Nanoparticles, Biopolymers and Cell Surface Interactions
Biopolymers have unique properties with respect to their self-assembly, conformational dynamics, transport and interactions with interfaces. Fluorescently labeled biopolymers and proteins can be studied by Quantitative Fluorescence Microscopy (QFM) and Fluorescence Correlations Spectroscopy (FCS). We have studied the two-dimensional dynmaics of DNA on supported lipid membranes using QFM and the conformational polymer dynamics of DNA in solution using FCS.
One particular advantage of FCS is the fact that fluorescently labeled species can be followed in complex solution, e.g. solutions containing liposomes, blood proteins or full blood plasma. We used FCS to measure adsorption isotherms of peptides and proteins to liposomes.
Silvia Milani and Joachim Rädler
The interaction of nanoparticles with living cells is important with respect to both nanomedicine as well as nanotoxicity. We study various aspects of nanoparticles (NPs). The transport of NPs in biopolymer solutions, the adsorption of proteins to NPs, the uptake of NPs by cells and the interference of NPs with cellular signalling and cell death.
In a biological fluid, the surface of nanoparticles (NPs) is immediately modified by the adsorption of proteins, or other biomolecules, leading to the formation of a “protein corona”. This shell of biomolecules defines the real physicochemical properties of the nanoparticles: it determines the nanoparticles stability, and drives the uptake into the cells. Yet despite its role a comprehensive knowledge of the binding mechanisms and of the dependence of the protein corona on nanomaterial properties is still incomplete.
Here we use fluorescence correlation spectroscopy (FCS) to quantitatively analyse and model the adsorption of plasma proteins on different nanoparticle surfaces. Moreover, in order to understand the evolution of the protein corona as the nanoparticle moves from one biological environment to another, desorption kinetics in presence of competitive plasma proteins are also studied.
This work is funded by the EU-FP7 project: NanoTransKinetics
Von Willebrand Factor (VWF) is a key protein in the force sensing cascade triggering primary hemostasis as it mediates the binding between thrombocytes and the injured vessel wall. VWF exists as multimers with variable number of dimeric subunits. Due to its shear flow sensitive structure, VWF functionality highly depends on its size. Although in recent years a general understanding of VWF function has emerged, its dynamic size regulation remains rather unexplored. We investigate the size distribution of recombinant eGFP-VWF using Fluorescence Correlation Spectroscopy (FCS). Following the size distribution of VWF in blood, we measure the in vivo and in vitro size regulation of VWF by the protease ADAMTS13, its most important size regulator. A two-focus FCS combined with a microfluidic device is established as a fast flow-through setup to investigate shear-induced changes of the VWF functionality.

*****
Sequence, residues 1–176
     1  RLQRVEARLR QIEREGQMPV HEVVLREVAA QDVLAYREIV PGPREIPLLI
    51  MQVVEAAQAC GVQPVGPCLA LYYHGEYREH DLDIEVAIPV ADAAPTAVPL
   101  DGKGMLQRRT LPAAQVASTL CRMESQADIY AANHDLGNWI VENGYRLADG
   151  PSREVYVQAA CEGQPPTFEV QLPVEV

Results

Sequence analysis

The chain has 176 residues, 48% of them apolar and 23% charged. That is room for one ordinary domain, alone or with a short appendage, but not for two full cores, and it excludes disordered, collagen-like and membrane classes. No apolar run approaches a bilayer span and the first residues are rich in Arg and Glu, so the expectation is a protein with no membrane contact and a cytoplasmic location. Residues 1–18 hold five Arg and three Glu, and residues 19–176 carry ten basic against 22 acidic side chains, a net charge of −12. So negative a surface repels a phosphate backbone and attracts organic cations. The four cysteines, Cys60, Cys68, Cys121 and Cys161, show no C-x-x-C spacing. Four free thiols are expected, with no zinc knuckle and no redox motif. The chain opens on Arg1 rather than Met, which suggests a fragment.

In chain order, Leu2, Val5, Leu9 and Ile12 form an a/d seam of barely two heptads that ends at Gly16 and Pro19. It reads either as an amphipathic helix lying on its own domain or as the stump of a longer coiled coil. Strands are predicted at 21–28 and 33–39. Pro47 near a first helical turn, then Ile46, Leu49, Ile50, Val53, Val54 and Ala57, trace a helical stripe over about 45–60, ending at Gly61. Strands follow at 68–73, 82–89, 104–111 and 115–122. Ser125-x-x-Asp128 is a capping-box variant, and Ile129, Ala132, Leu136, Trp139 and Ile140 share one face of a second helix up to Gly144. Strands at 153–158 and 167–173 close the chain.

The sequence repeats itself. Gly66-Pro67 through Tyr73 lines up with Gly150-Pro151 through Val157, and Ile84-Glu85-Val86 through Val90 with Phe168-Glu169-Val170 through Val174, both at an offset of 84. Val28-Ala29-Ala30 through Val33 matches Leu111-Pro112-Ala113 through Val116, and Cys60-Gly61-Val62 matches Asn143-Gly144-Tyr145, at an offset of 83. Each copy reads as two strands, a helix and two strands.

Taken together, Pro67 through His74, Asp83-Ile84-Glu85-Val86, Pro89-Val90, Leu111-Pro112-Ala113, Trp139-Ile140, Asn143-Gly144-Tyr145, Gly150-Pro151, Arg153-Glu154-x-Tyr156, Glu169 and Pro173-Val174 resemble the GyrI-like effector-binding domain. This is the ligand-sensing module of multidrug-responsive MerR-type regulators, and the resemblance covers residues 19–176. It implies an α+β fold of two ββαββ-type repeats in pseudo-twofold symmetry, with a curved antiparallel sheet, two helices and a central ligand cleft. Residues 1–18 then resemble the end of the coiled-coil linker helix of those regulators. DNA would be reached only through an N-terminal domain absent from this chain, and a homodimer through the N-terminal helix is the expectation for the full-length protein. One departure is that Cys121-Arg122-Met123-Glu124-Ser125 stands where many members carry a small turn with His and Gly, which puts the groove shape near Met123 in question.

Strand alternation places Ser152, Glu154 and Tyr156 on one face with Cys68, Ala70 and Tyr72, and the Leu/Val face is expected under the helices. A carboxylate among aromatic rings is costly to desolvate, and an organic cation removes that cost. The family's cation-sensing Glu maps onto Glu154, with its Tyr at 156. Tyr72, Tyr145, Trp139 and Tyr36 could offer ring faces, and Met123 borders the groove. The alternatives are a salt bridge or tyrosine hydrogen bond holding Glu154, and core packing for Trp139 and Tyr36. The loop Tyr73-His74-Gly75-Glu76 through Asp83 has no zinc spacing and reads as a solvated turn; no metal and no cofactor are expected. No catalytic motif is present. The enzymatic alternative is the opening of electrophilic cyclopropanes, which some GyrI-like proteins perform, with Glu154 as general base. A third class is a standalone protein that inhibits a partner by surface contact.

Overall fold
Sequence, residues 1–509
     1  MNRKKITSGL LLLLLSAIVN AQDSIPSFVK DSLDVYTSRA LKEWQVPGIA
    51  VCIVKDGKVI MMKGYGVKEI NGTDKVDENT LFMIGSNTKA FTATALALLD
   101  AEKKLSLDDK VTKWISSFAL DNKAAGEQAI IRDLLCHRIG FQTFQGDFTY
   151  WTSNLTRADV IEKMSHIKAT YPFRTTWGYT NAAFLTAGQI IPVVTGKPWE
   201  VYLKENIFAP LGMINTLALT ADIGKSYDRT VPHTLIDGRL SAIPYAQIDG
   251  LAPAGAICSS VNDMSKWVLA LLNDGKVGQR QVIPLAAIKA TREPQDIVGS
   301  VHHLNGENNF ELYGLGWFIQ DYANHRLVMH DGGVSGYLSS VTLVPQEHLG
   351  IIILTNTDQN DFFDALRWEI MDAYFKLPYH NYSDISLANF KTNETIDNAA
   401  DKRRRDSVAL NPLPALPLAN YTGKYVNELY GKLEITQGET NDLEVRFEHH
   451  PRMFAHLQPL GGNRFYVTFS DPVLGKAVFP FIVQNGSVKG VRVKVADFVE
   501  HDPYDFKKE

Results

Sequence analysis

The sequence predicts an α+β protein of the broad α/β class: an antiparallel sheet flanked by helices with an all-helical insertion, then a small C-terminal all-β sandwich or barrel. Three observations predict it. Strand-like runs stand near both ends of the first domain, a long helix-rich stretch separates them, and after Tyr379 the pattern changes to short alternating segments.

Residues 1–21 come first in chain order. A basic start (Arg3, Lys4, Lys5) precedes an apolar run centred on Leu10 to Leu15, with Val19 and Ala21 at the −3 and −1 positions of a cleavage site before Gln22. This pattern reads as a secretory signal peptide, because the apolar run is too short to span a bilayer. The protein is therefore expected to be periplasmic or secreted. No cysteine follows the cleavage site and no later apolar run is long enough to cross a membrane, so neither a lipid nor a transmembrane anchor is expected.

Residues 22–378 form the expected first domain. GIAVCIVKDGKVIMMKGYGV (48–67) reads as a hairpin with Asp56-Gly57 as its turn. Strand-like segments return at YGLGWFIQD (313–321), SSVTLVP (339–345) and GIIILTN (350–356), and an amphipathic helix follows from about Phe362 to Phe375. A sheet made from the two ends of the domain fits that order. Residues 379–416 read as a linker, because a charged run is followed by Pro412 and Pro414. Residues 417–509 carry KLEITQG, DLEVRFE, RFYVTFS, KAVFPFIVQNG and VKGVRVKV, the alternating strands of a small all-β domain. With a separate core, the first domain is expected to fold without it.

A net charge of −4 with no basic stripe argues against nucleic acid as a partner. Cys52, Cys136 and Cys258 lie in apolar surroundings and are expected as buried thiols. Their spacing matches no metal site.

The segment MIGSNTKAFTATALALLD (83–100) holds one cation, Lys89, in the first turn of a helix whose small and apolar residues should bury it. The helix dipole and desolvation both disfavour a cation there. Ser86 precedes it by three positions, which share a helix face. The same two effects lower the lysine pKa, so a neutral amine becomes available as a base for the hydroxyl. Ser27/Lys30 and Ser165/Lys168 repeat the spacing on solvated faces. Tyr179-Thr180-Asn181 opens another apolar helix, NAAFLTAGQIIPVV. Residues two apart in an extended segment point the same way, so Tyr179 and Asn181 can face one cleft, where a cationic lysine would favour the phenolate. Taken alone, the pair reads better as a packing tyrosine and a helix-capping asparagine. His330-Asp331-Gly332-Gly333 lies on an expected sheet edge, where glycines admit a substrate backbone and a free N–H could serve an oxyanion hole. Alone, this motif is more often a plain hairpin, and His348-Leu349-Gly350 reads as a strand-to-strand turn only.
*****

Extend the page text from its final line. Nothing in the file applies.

This project is part of the DFG research unit FOR 1543 SHENC (Shear flow regulation of HEmostasis -bridging the gap between Nanomechanics and Clinical presentation) which is a collaboration between laboratories covering variable disciplines from medical research to theoretical biophysics: www.shenc.de
- L. Rusu, A. Gambhir, S. McLaughlin and J. O. Rädler
Fluorescence Correlation Spectroscopy Studies of Peptide and Protein Binding to Phospholipid Vesicles
Biophysical Journal (2004), 87 (2), 1044 - 1053.
- Engelke, H., Lippok, S., Dorn, I., Netz, R. R., & Rädler, J. O. (2011). FVIII Binding to PS Membranes Differs in the Activated and Non-Activated Form and Can Be Shielded by Annexin A5. The Journal of Physical Chemistry B, 115(44), 12963–12970.
- Winkler, R., Keller, S., & Rädler, J. (2006). Intramolecular dynamics of linear macromolecules by fluorescence correlation spectroscopy. Physical Review E, 73(4).
- Lumma, D., Keller, S., Vilgis, T., & Rädler, J. (2003). Dynamics of large semiflexible chains probed by fluorescence correlation spectroscopy. Physical Review Letters, 90(21).
- Maier, B., & Rädler, J. (1999). Conformation and self-diffusion of single DNA molecules confined to two dimensions. Physical Review Letters, 82(9), 1911–1914.
- Maier, B., & Rädler, J. (2000). DNA on fluid membranes: A model polymer in two dimensions. Macromolecules, 33(19), 7185–7194.
- Maier, B., & Rädler, J. (2001). Shape of self-avoiding walks in two dimensions. Macromolecules, 34(16), 5723–5724.
- Maier, B., Seifert, U., & Rädler, J. (2002). Elastic response of DNA to external electric fields in two dimensions. Europhysics Letters, 60(4), 622–628.